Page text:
A top-quality 4K picture, with a couple of drawbacks inherent to LCD technology.
As a member of Samsung's top-of-the-line 4K series (excluding the quantum-dot equipped models), the JU7500 is a good-looking TV. Testing revealed a high-quality picture bolstered by accurate colors, proper white balance, and the right allocation of luminance (gamma). The JU7500 series has a couple of hiccups in some areas—namely backlight uniformity, viewing angle, and motion performance—but overall it's only a few charcoal bricks short of a roarin' barbecue.
Contrast & Viewing Angle
While screen contrast—the difference between a TV's brightest and darkest elements—hadn't always been the forte of LED TVs like the JU7500, this 55-inch Samsung impressed us with its shadow production and bright highlights. Samsung's dimming/brightening software (dubbed "Precision Black" and "Peak Illuminator") seems to work as it should. Test results revealed good overall contrast, even in our tunnel contrast testing—usually a sore spot for LEDs.
The effective dimming and boosting was apparent during content, too. During a 4K YouTube video of men in black wing-suits flying over Dubai—yes, that's real, and you should check it out—the black of the suits against the Dubai skyline looked awesome. The native 4K resolution is a real draw, but the TV's contrast stole the show.
Unfortunately, the JU7500 doesn't look quite as impressive at wide off-angles. Testing revealed a somewhat limited viewing angle, with contrast (and especially shadow integrity) falling off rather rapidly as you move into obtuse viewing angles. In two distinct sweet spots, the curvature of the screen helps to stem this issue a bit (the curve makes it take longer for the entire screen to intersect the same off-angle position in your vision), but this might mean having to micro-manage your living room seating a little more than usual.
Real hardcore screen critics will tell you that backlight uniformity is one of the biggest issues with today's LED televisions, and the JU7500 is no exception. Good backlight uniformity means the light behind the screen goes where it needs to, and doesn't go where it doesn't need to. This problem actually crops up a little more often in curved TVs like this one, as the light pass-through of the backlight element is simply trickier to nail down.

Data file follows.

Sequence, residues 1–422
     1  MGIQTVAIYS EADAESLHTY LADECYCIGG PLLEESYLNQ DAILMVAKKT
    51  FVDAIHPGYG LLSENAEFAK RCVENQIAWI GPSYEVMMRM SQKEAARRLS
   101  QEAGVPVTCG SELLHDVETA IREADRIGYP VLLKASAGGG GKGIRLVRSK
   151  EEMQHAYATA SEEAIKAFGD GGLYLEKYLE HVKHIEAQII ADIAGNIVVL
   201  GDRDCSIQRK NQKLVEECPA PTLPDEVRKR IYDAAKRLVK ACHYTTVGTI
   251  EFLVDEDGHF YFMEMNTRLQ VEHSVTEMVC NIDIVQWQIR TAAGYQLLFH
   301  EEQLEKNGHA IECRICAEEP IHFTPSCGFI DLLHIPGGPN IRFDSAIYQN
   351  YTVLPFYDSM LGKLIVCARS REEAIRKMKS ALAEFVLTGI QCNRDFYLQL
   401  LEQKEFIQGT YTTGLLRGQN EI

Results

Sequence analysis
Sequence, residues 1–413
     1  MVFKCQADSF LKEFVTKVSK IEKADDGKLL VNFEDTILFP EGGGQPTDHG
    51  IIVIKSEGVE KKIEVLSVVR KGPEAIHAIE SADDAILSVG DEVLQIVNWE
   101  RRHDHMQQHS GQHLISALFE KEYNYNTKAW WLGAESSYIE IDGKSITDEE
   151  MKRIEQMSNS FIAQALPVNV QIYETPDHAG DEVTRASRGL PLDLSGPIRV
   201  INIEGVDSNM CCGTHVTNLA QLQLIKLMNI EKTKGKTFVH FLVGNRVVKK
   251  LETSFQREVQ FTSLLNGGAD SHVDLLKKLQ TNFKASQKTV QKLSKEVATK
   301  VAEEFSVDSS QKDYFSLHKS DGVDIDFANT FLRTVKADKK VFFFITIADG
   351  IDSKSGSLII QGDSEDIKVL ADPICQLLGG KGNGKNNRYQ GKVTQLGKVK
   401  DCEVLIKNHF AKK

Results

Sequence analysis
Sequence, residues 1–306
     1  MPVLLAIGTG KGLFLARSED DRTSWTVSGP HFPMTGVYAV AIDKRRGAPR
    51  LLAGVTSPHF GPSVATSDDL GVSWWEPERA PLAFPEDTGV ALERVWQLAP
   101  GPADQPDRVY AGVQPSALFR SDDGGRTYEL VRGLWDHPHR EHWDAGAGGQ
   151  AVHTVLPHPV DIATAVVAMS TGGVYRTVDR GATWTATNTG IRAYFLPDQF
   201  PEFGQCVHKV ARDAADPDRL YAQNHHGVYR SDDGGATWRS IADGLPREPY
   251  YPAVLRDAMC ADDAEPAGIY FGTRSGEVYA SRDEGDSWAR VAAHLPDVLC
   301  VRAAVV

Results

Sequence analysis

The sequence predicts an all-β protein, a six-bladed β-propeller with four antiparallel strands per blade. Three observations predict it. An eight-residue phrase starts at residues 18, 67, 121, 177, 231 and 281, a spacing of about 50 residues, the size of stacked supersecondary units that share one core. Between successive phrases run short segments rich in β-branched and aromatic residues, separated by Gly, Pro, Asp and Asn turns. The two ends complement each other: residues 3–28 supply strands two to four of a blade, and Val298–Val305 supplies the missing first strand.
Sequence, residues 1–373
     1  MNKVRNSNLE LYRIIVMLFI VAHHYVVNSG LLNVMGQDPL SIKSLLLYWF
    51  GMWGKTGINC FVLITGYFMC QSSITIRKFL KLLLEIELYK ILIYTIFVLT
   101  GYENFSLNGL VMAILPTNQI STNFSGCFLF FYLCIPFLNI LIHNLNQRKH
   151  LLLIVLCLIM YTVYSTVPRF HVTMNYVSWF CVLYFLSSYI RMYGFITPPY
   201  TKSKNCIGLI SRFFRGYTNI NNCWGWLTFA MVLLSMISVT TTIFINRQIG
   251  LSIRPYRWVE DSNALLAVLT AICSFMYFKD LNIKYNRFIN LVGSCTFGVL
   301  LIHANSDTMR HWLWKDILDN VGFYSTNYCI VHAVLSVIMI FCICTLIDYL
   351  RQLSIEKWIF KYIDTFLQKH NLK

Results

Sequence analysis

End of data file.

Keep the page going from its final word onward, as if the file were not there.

Fortunately, "flashlighting" and backlight bleed are pretty mild here. If you watch the TV's default picture modes in the dark, you'll definitely notice just a touch of extraneous backlight in certain scenes/picture modes, especially during letterbox/16:9 content with black bars at the top and bottom of the screen.
It's mild enough that it's basically imperceptible with competing ambient light, and it's very possible (and easy) to tweak the TV's basic settings in order to eliminate this problem in dimmer and dark rooms.
In terms of raw color performance, the JU7500 ain't no slacker. It deftly matches the color requirements for HD televisions, but with some a couple of caveats that most consumers won't complain about. For example, the 55-inch JU7500 we tested produces a more highly saturated (colorful) green than international standards ask for, but most people will enjoy the slight boost in the appearance grass and trees. This also introduces a very small amount of extra green to yellow objects, but again, it's so mild you'd never notice it.
Like most Samsung TVs, the JU7500 also has a "Native" color setting that produces a wider color space than the default. It doesn't come close to the next color standard (DCI-P3), but there's enough extra color "oomph" that you can easily tell the difference between the two. This is nice option if you just want as much color as you can get, but traditionalists will want to steer clear.
Finally, the JU7500 produces very clean and color-free grayscale elements—shadows, grays, and bright white highlights are free of tinting and excessive coloration. This is a common pitfall for TVs of all shapes and price tags—while it can usually be fixed via professional calibration, it's awesome that the JU7500 nails it right out of the box. This was especially obvious during a particular scene in House of Cards (streaming from Netflix in 4K) where Frank Underwood's suit was a clean, bright gray. Many LEDs would make it look a bit too blue, but the JU7500 is just right.
Motion is one area where the JU7500 could perform a bit better. As it stands, there are two basic types of LED TVs—those with 60 Hz or 120 Hz refresh rates. The JU7500 lives in the latter category, which has pros and cons: Most basic motion looks excellent, but really demanding stuff (especially horizontal and diagonal camera panning) results in notable blurring and judder.
Samsung's Auto Motion Plus motion compensation usually does a good job smoothing this out, but with a 120 Hz refresh rate it's very easy to get the soap-opera effect, where things look too smooth. None of the default settings really worked for me, but with some tweaking I was able to find a setting that smoothed out the judder a bit without making other shots overly smooth.
The backlight scanning function—which can be toggled in the Custom setting for AMP—is probably the best way to strike this balance, but it also requires notable dimming of the backlight, which isn't the best solution for bright-room viewing. I tried this out with various types of content, especially 4K streaming from YouTube and Netflix, and found positive results.
The truth is, as awesome as 4K looks, there's not nearly as much native 4K content as there is HD content—and that's what most people are going to be watching. It's important that the JU7500 upscales properly, and understanding what that looks like has been a key difficulty in evaluating modern 4K televisions.